Interesting Tennis Facts You Didn’t Know
If you’re a fan of tennis, then you’re in for a treat with this list of interesting facts about the sport. Reading it is as curious and amusing as playing casino games. From record-breaking matches to unique trivia, we’ve got it all.
Without further ado, let’s get started with these interesting tennis facts.
The Longest Match in Professional Tennis History
The longest match in professional tennis history was the 2010 Wimbledon first-round match between John Isner and Nicholas Mahut, which lasted for 11 hours and 5 minutes, spread over three days. The final score was 6-4, 3-6, 6-7(7), 7-6(3), and 70-68 in favor of Isner. The match set a record for the most games played in a single match, totaling 183 games.
The First Wimbledon Championship
The first Wimbledon Championship was held in 1877, and the winner received a prize of just 12 pounds. The tournament was only open to male players and was played at the All England Lawn Tennis and Croquet Club. The first Wimbledon women’s singles event was held in 1884 and was won by Maud Watson.
The Most Grand Slam Singles Titles
The most Grand Slam singles titles won by a player is 24, a record held by Margaret Court. She won 13 of her titles at the Australian Open, 5 at the French Open, 5 at Wimbledon, and 1 at the U.S. Open.
Serena Williams is second with 23 Grand Slam singles titles, which include 7 Australian Open titles, 3 French Open titles, 7 Wimbledon titles, and 6 U.S. Open titles. Both players are considered among women’s tennis greatest of all time.
The Origin of the Term “love” for Zero Points in Tennis.
The term “love” for zero points in tennis comes from the French word “l’oeuf,” which means “egg.” The shape of a zero looks like an egg, and the term “love” sounds similar to “l’oeuf.”
The use of the word “love” to mean zero points in tennis is thought to have originated in the late 19th or early 20th century. It is now used in tennis worldwide and is recognized as a unique aspect of the sport’s terminology.
The First U.S. Open
The first U.S. Open was held in 1881 and was only open to male players. The tournament was played at the Newport Casino in Newport, Rhode Island, and was won by Richard Sears. The U.S. Open is now one of the four Grand Slam tournaments open to male and female players. It is played on a hard court surface and is the year’s final major in the ATP Tour and the WTA Tour.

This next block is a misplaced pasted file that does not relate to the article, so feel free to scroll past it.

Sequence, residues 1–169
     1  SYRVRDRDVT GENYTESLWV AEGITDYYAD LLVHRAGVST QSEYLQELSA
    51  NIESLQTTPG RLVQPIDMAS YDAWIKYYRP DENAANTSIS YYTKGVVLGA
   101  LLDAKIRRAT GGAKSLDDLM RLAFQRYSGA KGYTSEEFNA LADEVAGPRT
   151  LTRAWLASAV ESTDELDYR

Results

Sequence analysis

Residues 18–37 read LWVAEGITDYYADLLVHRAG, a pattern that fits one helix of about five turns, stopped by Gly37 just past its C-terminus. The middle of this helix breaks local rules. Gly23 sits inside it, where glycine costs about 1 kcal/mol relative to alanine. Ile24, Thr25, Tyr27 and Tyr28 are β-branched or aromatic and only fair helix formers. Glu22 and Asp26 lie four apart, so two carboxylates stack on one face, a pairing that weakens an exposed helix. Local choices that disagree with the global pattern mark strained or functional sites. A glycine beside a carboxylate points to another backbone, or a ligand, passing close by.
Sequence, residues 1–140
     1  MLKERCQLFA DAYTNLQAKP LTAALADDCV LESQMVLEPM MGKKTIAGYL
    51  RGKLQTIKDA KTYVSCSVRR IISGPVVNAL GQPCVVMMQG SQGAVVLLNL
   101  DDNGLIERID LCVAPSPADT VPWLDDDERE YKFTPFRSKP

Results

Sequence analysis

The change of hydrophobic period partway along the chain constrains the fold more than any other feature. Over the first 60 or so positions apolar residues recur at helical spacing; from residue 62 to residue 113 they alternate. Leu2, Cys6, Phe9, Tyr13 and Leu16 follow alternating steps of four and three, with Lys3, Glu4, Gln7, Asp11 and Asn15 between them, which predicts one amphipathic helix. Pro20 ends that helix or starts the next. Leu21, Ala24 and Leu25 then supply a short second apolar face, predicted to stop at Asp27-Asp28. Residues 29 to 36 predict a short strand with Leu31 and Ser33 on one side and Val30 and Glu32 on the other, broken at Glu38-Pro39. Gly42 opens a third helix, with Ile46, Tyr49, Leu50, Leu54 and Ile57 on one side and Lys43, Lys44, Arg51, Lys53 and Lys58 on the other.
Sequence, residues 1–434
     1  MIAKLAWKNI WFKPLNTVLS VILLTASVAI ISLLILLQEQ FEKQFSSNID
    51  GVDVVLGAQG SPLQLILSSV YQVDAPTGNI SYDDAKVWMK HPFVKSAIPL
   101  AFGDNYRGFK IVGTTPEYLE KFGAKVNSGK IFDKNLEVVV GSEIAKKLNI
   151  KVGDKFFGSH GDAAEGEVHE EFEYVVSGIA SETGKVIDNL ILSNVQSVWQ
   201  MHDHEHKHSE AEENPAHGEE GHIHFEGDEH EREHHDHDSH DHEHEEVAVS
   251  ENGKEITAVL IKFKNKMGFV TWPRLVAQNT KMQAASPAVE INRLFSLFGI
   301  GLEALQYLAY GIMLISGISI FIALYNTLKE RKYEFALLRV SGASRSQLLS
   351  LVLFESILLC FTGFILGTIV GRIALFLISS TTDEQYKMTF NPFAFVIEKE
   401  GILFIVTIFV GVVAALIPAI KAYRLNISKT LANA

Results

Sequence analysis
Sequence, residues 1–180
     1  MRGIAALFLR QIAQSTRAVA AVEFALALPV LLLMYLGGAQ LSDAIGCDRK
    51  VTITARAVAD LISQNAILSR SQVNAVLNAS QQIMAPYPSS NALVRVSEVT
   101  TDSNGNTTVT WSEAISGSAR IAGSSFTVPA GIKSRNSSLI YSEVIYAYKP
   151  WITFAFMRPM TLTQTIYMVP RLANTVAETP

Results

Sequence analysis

The First French Open
The first French Open, or Roland-Garros, was held in 1891 and was named after the French aviator Roland Garros. It was initially only open to members of French tennis clubs, but it is now one of the four Grand Slam tournaments and is open to all players. The French Open is played on clay courts and is the world’s premier clay court championship event. It is the second Grand Slam event of the year.
The First Black Player to win a Grand Slam Singles Title
The first black player to win a Grand Slam singles title was Althea Gibson, who won the French Open in 1956 and the Wimbledon and U.S. Open titles in 1957 and 1958. Gibson was a trailblazer in the sport and paved the way for future black players to succeed in tennis. She was inducted into the International Tennis Hall of Fame in 1971.
The Highest Recorded Speed for a Serve
The highest recorded speed for a serve in professional tennis is 263.4 km/h (163.7 mph), which Australian player Sam Groth achieved at the Busan Open in South Korea in 2012. The Guinness World Records officially recognizes Groth’s serve as the fastest serve in the history of professional tennis. The previous record was held by Croatian player Ivo Karlovic, who served a ball at 251 km/h (156 mph) at the Davis Cup in 2011.
Tennis is a fascinating sport with a rich history and many interesting facts. From the first Wimbledon Championship to the fastest serve in professional tennis, there are many exciting stories and achievements to discover.
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